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OVI / DUI Over The Fourth? Here's What To Do (And Not To Do)

Many people don't know it, but the Fourth of July is the biggest weekend for beer sales during the year. Americans are estimated to purchase 68.3 million cases of beer for the holiday. The Fourth of July is also one of the prime times to get a OVI / DUI. Police are out in full force, and already this holiday weekend, people have spent time in jail cells with bad hangovers and court dates.

So what do you do if you get a DUI / OVI this holiday weekend?

First, don't panic and calm down.

What is done is already done, and making irrational decisions is not going to help the situation. Often times, when people get arrested for drunk driving, they start to make hasty and bad decisions. Some people return to the scene of the crime -- the bar -- and begin drinking even more than they did on the night they got arrested. Some people begin calling/texting/emailing everyone in their cell phone. By not staying calm and acting irrationally, many people often make their cases more difficult for them later on.

Along those lines: begin the process of hiring an attorney. An attorney who is experienced in handling OVI / DUI cases can be your best asset in the long run. He or she can sit you down and tell you what to expect in terms of how the case will go; how long with the case take; what is the realistic outcome of your case; and how long you are facing in terms of both jail time and driver's license suspension.

Be prepared to discuss with your attorney the facts of the night of your arrest. You'll need to be able to tell him or her things like:

  1. Where were you drinking (i.e. a bar, friend's wedding, home);
  2. What were you drinking (i.e. beer, wine, vodka);
  3. How much did you have to drink (i.e. two/three beers, a bottle of wine);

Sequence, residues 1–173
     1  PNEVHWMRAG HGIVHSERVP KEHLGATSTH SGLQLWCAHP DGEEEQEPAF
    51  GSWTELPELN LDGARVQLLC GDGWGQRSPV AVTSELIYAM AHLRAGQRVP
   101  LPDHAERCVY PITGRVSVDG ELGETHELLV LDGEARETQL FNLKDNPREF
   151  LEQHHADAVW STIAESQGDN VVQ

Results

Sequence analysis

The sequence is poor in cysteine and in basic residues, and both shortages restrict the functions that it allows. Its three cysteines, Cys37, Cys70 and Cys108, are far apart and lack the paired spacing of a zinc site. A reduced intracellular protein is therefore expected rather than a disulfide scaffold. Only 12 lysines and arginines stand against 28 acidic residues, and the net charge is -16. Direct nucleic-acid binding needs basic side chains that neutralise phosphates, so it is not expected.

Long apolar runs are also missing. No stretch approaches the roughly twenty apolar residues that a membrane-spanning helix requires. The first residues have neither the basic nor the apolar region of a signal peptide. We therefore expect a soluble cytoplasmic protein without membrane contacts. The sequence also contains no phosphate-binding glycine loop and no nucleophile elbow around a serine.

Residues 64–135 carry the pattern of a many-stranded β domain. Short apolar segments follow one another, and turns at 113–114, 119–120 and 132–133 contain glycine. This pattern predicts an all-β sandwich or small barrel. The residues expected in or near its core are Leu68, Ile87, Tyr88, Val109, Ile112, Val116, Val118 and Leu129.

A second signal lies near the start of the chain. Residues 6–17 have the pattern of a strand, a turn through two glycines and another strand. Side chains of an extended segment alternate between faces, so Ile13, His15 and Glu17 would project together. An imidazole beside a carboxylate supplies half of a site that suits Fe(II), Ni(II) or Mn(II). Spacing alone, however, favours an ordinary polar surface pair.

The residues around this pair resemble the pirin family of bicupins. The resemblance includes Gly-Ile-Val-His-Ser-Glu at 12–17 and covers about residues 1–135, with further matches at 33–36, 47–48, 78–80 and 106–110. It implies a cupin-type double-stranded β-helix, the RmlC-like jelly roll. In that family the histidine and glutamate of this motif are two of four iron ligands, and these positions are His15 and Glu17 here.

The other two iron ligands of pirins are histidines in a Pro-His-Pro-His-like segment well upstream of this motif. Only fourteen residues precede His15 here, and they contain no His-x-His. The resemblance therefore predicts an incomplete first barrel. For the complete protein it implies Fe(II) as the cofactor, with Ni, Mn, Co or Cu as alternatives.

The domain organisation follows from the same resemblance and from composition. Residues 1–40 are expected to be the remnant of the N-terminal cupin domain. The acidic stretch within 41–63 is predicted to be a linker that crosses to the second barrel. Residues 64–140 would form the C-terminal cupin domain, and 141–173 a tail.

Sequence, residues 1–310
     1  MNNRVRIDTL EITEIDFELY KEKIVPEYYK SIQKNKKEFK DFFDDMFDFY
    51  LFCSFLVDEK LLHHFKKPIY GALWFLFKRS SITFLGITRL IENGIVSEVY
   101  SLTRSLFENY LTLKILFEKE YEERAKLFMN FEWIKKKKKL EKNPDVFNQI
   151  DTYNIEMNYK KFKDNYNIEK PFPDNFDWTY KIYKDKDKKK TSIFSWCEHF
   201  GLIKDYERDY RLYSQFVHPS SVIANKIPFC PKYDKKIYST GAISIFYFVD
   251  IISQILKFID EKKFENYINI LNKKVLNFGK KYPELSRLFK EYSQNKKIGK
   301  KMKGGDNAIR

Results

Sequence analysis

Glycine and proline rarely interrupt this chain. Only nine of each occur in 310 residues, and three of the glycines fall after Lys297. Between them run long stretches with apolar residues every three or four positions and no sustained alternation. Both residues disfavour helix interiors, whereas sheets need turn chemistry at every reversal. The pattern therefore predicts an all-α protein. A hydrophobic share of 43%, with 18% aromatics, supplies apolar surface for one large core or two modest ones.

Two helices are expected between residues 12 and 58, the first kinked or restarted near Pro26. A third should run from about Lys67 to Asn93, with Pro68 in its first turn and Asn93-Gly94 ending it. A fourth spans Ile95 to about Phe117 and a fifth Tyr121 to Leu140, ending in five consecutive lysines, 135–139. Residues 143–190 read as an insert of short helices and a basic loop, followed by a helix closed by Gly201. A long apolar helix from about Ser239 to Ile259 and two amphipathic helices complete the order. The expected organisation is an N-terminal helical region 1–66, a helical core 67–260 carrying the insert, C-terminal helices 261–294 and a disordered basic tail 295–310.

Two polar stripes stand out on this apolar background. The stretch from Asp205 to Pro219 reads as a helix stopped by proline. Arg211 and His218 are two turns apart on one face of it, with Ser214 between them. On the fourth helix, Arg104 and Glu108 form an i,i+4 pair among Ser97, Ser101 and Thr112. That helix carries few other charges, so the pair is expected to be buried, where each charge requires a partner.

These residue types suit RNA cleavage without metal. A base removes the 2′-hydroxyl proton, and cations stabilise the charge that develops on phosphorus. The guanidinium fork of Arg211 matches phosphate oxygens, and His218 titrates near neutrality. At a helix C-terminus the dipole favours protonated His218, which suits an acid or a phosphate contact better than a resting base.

4. How long were you drinking (i.e. a few hours or all day);
  5. Who were you drinking with (i.e. friends, family, screaming Browns fans);
  6. Where were you driving from and to (i.e. friend's house to home);
  7. What did you have to eat that day (i.e. a muffin at breakfast, a steak dinner, etc.);
  8. What is your driving record like and if you have prior DUI / OVIs on your record;
  9. What is your prior criminal record like (i.e. nothing, a few misdemeanors, a prior homicide);
  10. How often do you drink, and have you had prior instances with alcohol (i.e. fights, been kicked out of school or fired as a result of alcohol, been to treatment previously);
  11. Did you take a breathalyser exam, and if so, what was the result;
  12. Which police department and officer conducted the traffic stop;
  13. Did you perform any field sobriety tests;
  14. What were the conditions when you took the field sobriety test (i.e. raining, on a hill, oncoming traffic);
  15. How do you think you did when you took the field sobriety test;
  16. What questions did the officer ask you, and what did you say;
  17. Who was in the car with you when you were arrested;
  18. Where is your car now;
  19. Who is your automobile insurance through, and was your insurance valid on the date of your arrest;
  20. What do you do for a living and does it require you to have a valid driver's license;
  21. Do you have any professional licenses (i.e. nursing, law, medicine, cosmetology), and how will this arrest and/or conviction impact those licenses;
  22. Do you have receipts from bars that you were drinking in?

Questions like these may sound basic, or may be hard to remember, but they will be helpful to an attorney reviewing your case.